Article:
The New York Yankees completed the final part of their offseason plan, agreeing Friday to a $39.99 million, four-year contract with Mariano Rivera, the Associated Press learned.
Rivera, who becomes the highest-paid relief pitcher in baseball, gets an $8 million signing bonus payable over four years, $7.15 million this season, $7.45 million in 2002, $8.5 million in 2003 and $8.89 million in 2004, according to a lawyer familiar with the negotiations who spoke on the condition he not be identified.
The agreement was to be announced later today at the Yankees' training camp in Fort Lauderdale, Fla.
"I was born with the Yankees. I will remain a Yankee," Rivera said this morning after reporting to spring training a day late because of food poisoning.
In Tampa, Fla., Joe Torre mentioned his desire to manage the Yankees beyond 2001 when he met briefly Thursday with owner George Steinbrenner.
Steinbrenner and Torre talked for just under 10 minutes in the manager's office. Torre will get $3 million this season in the final year of his contract.
"He came in here today and just said, 'When things quiet down, we'll go out and have some lunch,' " Torre said.
Torre said there is no timetable for talks on an extension. The Yankees have won four World Series titles and reached the postseason in all five seasons Torre has managed the team.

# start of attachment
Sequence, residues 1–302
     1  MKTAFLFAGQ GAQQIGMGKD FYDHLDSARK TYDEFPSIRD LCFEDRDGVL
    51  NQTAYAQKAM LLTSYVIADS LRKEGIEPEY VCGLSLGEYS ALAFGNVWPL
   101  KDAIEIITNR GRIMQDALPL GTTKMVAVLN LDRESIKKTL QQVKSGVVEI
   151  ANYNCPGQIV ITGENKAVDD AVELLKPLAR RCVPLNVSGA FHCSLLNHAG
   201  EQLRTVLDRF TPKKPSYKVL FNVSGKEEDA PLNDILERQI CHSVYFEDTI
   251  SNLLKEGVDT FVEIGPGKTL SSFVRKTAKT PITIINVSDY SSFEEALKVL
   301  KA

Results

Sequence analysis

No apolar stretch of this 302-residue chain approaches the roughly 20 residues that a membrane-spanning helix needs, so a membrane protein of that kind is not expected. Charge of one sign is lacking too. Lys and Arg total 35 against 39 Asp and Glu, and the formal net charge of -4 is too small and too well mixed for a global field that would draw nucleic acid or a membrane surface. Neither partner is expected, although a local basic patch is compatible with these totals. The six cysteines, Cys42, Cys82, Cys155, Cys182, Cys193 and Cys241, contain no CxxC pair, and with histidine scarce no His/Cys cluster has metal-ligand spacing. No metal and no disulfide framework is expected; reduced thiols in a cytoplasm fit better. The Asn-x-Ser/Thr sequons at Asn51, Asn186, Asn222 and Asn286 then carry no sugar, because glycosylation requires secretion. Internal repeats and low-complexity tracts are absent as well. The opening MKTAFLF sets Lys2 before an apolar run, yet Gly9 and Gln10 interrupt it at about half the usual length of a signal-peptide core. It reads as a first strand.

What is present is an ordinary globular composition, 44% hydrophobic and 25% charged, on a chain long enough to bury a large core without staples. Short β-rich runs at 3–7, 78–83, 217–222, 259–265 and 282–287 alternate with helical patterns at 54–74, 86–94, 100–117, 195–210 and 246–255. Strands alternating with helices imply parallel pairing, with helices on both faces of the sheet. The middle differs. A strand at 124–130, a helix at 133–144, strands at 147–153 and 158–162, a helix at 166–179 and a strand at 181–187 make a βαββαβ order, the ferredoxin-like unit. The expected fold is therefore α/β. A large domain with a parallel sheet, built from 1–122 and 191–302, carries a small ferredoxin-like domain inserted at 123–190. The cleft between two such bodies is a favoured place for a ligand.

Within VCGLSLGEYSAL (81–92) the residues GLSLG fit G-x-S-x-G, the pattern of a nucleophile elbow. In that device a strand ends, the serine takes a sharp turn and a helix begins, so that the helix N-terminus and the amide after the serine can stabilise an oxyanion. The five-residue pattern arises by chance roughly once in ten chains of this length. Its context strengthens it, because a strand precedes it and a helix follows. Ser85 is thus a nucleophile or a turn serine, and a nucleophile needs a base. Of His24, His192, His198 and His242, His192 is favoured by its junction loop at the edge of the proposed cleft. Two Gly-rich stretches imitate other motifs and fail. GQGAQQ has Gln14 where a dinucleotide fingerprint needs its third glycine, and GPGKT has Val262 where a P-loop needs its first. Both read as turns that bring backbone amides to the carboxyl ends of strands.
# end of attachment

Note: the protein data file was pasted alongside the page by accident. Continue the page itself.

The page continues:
Also, outfielder Henry Rodriguez signed a one-year contract, a move that pushed the team's payroll over the $100 million mark. Rodriguez agreed to a $1.5 million pact in mid-January but the Yankees, who were at the 40-man limit on their roster, held off finalizing the deal until Thursday.
Angry Sirotka joins Jays
DUNEDIN, Fla. -- Mike Sirotka joined the Toronto Blue Jays, angry that Chicago White Sox General Manager Kenny Williams jokingly referred to his injury situation as "Shouldergate."
The lefty was acquired from the White Sox on Jan. 14 in the six-player trade that sent David Wells to Chicago. He is unsure when or if he will pitch this year.
"I would expect a little more respect on the matter from Kenny," Sirotka said. "He doesn't have to deal with the injury. He knows as a player, especially from a pitcher's standpoint, an injury to your throwing arm is in some way a threat to your career. I didn't really appreciate that comment. But it's really turned into a bit of a mess, anyway."
Toronto said it was unaware he had a torn rotator cuff and labrum, and the Blue Jays intend to ask the commissioner's office for additional compensation.
Around the bigs
Detroit Tigers' broadcaster Ernie Harwell has been added to the National Baseball Hall of Fame's 15-member Veterans Committee. Harwell replaces Bob Broeg, who retired in January after serving on the committee for 29 years.
Oakland Athletics manager Art Howe agreed to a one-year contract extension through the 2002 season.
Deion Sanders showed up at the Cincinnati Reds' training complex in Sarasota, Fla. and hit in the batting cage even though he's not under contract. The Reds signed Sanders to a minor-league deal last month.